As Jews abused of their privileges and conspired to increase them, Gentile resentment grew and anti-Jewish riots followed. In the year 38 CE, the Greeks of Alexandria sent a delegation to Rome, whose leader Isidoros complained that the Jews are ‘trying to stir up the entire world.’ The emperor issued an edict declaring that, if the Jews continued to sow dissent and ‘to agitate for more privileges than they formerly possessed, I will by all means take vengeance on them as fomenters of what is a general plague infecting the whole world.’ This edict was followed by another addressed to all the Jewish communities of the empire, asking them not to ‘behave with contempt towards the gods of other peoples.’
Tensions were high in Jerusalem, where the pro-Roman Herodian dynasty faltered. It was at this time that a conspiracy of Pharisees and Sadducees denounced Jesus to the Romans as a seditious would-be king of the Jews, calculating, according to the Fourth Gospel, that ‘it is to [the Jews] advantage that one man should die for the people, rather than that the whole nation should perish’ (John 11:50). Flavius Josephus mentions several Jewish revolts in the same period, including one during the Passover of 48 or 49 CE, after a Roman soldier assigned to the entrance of the Temple committed the irreparable: ‘raising his robe, he stooped in an indecent attitude, so as to turn his backside to the Jews, and made a noise in keeping with this posture.’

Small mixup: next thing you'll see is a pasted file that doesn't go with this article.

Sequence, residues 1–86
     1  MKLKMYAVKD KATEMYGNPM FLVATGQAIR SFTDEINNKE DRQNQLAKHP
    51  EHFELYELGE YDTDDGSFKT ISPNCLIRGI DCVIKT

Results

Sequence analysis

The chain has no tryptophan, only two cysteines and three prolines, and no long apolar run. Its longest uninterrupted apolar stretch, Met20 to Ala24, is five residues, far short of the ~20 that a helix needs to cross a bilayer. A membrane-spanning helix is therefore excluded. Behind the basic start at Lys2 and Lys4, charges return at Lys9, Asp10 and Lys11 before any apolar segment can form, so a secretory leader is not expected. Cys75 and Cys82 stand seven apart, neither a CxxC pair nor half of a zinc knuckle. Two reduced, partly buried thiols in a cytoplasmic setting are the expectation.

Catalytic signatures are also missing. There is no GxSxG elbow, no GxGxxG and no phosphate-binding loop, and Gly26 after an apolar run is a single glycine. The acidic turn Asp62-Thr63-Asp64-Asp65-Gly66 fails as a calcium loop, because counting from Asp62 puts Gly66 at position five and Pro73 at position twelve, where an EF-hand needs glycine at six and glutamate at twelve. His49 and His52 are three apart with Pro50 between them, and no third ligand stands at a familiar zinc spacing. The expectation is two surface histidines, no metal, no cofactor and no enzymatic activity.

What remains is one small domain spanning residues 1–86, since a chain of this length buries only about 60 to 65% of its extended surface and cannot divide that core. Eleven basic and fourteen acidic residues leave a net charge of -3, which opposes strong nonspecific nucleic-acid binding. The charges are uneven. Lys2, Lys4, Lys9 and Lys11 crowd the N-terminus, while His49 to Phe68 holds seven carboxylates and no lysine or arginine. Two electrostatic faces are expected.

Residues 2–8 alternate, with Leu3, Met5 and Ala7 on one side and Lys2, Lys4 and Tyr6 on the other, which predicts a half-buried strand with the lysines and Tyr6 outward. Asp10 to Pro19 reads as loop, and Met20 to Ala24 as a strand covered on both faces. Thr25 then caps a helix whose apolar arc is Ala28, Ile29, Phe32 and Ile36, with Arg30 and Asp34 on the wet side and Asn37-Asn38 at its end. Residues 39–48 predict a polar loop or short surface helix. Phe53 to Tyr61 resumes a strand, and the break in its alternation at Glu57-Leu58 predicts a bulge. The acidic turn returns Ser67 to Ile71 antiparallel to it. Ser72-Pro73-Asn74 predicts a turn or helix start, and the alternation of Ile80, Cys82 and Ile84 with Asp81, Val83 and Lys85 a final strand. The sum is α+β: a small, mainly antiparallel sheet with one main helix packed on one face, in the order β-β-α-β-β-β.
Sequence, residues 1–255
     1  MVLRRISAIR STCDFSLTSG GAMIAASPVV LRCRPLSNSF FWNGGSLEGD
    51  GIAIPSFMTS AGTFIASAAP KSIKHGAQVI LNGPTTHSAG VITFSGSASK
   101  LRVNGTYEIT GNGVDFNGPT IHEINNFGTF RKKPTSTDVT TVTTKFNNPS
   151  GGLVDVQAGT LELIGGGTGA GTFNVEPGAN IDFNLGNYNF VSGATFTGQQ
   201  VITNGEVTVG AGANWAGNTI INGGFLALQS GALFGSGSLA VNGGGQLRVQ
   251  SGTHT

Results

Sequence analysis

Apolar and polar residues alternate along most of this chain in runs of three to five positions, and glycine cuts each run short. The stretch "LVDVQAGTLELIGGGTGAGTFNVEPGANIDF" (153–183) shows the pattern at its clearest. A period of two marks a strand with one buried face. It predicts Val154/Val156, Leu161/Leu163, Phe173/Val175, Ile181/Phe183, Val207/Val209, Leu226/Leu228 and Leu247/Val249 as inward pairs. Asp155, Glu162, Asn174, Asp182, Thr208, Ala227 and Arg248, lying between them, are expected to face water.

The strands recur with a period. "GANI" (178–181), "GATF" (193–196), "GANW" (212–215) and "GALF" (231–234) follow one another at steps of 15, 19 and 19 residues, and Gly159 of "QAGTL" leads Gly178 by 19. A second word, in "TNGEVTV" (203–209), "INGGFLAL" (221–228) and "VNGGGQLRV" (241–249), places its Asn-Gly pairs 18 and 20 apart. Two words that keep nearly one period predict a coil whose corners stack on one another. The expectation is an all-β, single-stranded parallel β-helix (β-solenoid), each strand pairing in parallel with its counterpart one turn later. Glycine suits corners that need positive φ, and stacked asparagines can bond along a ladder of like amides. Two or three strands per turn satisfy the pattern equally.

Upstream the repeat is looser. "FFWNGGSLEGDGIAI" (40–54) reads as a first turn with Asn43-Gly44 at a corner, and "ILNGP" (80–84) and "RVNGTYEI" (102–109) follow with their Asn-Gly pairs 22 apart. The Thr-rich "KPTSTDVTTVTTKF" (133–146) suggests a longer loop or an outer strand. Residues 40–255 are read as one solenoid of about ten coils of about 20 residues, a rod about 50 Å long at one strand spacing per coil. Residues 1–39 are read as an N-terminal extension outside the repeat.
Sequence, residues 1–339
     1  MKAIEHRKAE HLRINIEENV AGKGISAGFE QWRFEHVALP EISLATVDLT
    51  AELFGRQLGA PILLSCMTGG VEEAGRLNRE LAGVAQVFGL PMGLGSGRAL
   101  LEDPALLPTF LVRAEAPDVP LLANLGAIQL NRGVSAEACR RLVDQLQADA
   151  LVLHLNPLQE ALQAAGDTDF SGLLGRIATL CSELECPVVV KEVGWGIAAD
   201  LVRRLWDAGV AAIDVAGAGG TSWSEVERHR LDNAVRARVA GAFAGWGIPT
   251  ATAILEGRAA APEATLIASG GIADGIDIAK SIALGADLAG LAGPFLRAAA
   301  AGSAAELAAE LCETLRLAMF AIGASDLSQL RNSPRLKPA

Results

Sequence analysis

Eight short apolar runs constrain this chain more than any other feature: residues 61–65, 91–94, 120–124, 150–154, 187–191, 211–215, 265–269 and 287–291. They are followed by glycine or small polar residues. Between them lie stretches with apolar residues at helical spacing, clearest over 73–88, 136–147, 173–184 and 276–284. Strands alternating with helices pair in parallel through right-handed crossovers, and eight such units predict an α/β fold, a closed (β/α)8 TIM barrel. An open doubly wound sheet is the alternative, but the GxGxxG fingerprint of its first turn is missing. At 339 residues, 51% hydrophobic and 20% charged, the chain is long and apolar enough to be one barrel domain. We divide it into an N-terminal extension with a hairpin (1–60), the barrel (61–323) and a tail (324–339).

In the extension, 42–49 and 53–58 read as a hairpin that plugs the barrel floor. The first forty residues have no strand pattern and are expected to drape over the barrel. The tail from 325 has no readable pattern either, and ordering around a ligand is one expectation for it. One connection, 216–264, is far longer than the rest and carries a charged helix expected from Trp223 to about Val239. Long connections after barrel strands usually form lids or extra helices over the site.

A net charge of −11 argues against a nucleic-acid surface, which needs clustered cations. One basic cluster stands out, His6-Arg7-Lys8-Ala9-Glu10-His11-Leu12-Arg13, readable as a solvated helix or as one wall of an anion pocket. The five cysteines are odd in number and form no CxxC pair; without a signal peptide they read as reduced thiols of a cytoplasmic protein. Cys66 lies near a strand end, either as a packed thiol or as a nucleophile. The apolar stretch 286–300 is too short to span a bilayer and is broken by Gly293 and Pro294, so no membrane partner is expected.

In 66 the Jewish War broke out, when the Sadducees defied Roman power by banning from the Temple the daily sacrifices offered in the name and at the expense of the Emperor. After the destruction of the Temple by the general and future emperor Titus in 70, the embers of Jewish messianism continued to hatch for 70 more years, and ignited Palestine for the last time with the revolt of Simon Bar Kochba, which provoked in retaliation the complete destruction of Jerusalem, its conversion into a Roman city renamed Aelia Capitolina, and the banning of Jews from it. By then, enmity against the Jews had reached a climax throughout the Empire.